The Fast & Furious saga. I snidely wrote as my Facebook status "Fast & Furious 6 is being released on May 24th but I see that Fast & Furious 7 is already in pre-production. Thank God for that; there's no way that a single film can resolve the unanswered questions left by Fast & Furious 5." This resulted in an expected roar of outrage from my contingency of acquaintances on the social network who are fans of the franchise, led by my friend Karen Sheeler. Ms. Sheeler responded that she loved the films (qualifying the statement with "I admit I like the cheese sometimes!!”) and included a link to the Wikipedia entry on the series to provide me with a rundown on the subtle nuances of the different films. In fairness, I have never seen a Fast & Furious movie so I was grateful for the staff at Wikipedia providing me knowledge on the subject. The films star action hero Vin Diesel (who always strikes me as Humpty Dumpty on steroids with a voice reminiscent of a guy thanking his life partner when accepting the Tony Award for Best Costume Design for a Musical) as the angst-ridden elite street racer and ex-convict Dominic Toretto, who we root for as he attempts to overcome the trauma of seeing his Daddy being turned into a grease spot at a stock car race by committing a series of felonies that each film starts with him on the verge of being pardoned for if he'll cooperate with the Feds despite the fact that sum combined total of his rap sheet makes him seem like a combination of Al Capone, Charles Manson and Lex Luthor. But his saving grace is his loving devotion to his gang, including his beloved sister Mia (played by Jordana Brewster, an actress whose stunning beauty almost distracts the audience from the fact that she has the personal charisma of a fringed-toed lizard crawling deep into the desert sands to slowly die) and his propensity for taking part in death-defying street races, so the audiences are willing to forgive him his criminal past. But since I am a man who wilI break into hives if I exaggerate a deduction on my income tax, all my siblings look like deformed wombats and I drive 35 MPH on the freeway, I don't exactly associate with the characters in the narrative. I may enjoy it more when they hit Fast & Furious 38 when Mr. Diesel's steroids wear off and he looks like Humpty Dumpty after falling off the wall and he'll be so old that the most dangerous his driving gets is when he becomes disoriented and takes his car through a farmer's market. At least it will be relatable.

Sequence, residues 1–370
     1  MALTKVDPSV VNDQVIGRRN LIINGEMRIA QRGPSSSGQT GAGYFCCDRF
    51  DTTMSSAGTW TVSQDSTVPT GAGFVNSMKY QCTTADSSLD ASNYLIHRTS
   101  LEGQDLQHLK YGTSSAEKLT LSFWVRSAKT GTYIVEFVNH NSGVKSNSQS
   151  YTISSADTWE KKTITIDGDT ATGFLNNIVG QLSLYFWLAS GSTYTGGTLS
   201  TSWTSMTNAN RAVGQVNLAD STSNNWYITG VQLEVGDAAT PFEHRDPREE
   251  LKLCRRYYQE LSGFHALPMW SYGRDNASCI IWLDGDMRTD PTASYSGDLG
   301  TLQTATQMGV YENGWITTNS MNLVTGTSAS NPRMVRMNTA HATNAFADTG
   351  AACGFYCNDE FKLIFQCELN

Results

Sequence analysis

Speaking of movies and Sheelers, Karen's husband Wade Sheeler who discovered an online compilation of movie lists that he had devised for the film website If there's anything I love, it's a good movie list. In fact, the only thing I love more is a list of movie lists. And I love this one so much that I'm adding it to my list of Best Lists of Movie Lists. But my favorite movie lists are unquestionably lists of the worst movies, which means that the best lists are the worst lists, and vice-versa. By this time, the robot that Captain Kirk is talking to should have smoke billowing out of its ears, so the universe is safe once more. Let's celebrate by watching a bad movie. Now that's what I call a good time.

Enemies List favorite Mara Marini, who reprised her signature role of porn star Brandi Maxxxx on NBS's Parks and Recreation last night. At one point in the story, Ms. Maxxxx disclosed that she had played a small role in Argo in addition to her many adult film appearances, prompting Ms. Marini to tweet "I looked it up. The girl who plays Brandi Maxxxx was NOT in Argo. :( << Hahaha. Sad, but true. :)."Based on Ms. Marini's online activity, I feel compelled to tell her how the Internet actually works. If people think she appeared in Argo, the last thing she should do is deny it. No one pays attention to who is in the cast of a movie. After they've finished gorging on Red Vines and engaging in vile sexual activity while the projector is running, the lights will come up and they'll burp "that was pretty good"and go on with their lives. If someone like Harvey Weinstein gets it in his head that an actress like Mr. Marini was in the cast of a certain movie, he's not going to log on to IMDb to check it out. He'll just squint his eyes vaguely and say "oh, yeahhhh...I remember the scene she was in" and then scream at his harried assistant with high blood pressure and a cutting complex to set up a meeting. So if Ms. Marini happens to use her appearance in Argo to seal the deal on another big screen gig, who's the victim? But if she's nervous that someone will have doubts about her actually acting in the thing and require some evidence, she needn't worry. That's what Wikipedia is for.